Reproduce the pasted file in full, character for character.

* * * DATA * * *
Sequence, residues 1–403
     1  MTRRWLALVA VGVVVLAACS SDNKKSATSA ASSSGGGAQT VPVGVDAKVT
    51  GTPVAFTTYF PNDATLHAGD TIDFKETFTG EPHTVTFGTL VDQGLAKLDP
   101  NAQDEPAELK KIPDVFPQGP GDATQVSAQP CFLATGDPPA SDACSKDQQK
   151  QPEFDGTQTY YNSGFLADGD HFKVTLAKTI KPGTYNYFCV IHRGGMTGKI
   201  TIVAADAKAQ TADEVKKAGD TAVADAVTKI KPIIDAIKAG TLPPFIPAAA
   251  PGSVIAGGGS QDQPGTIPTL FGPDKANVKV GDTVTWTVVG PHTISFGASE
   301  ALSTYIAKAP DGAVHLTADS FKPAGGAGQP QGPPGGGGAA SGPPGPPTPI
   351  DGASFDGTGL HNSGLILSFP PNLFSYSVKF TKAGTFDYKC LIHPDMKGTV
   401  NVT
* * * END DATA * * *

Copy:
Sequence, residues 1–403
     1  MTRRWLALVA VGVVVLAACS SDNKKSATSA ASSSGGGAQT VPVGVDAKVT
    51  GTPVAFTTYF PNDATLHAGD TIDFKETFTG EPHTVTFGTL VDQGLAKLDP
   101  NAQDEPAELK KIPDVFPQGP GDATQVSAQP CFLATGDPPA SDACSKDQQK
   151  QPEFDGTQTY YNSGFLADGD HFKVTLAKTI KPGTYNYFCV IHRGGMTGKI
   201  TIVAADAKAQ TADEVKKAGD TAVADAVTKI KPIIDAIKAG TLPPFIPAAA
   251  PGSVIAGGGS QDQPGTIPTL FGPDKANVKV GDTVTWTVVG PHTISFGASE
   301  ALSTYIAKAP DGAVHLTADS FKPAGGAGQP QGPPGGGGAA SGPPGPPTPI
   351  DGASFDGTGL HNSGLILSFP PNLFSYSVKF TKAGTFDYKC LIHPDMKGTV
   401  NVT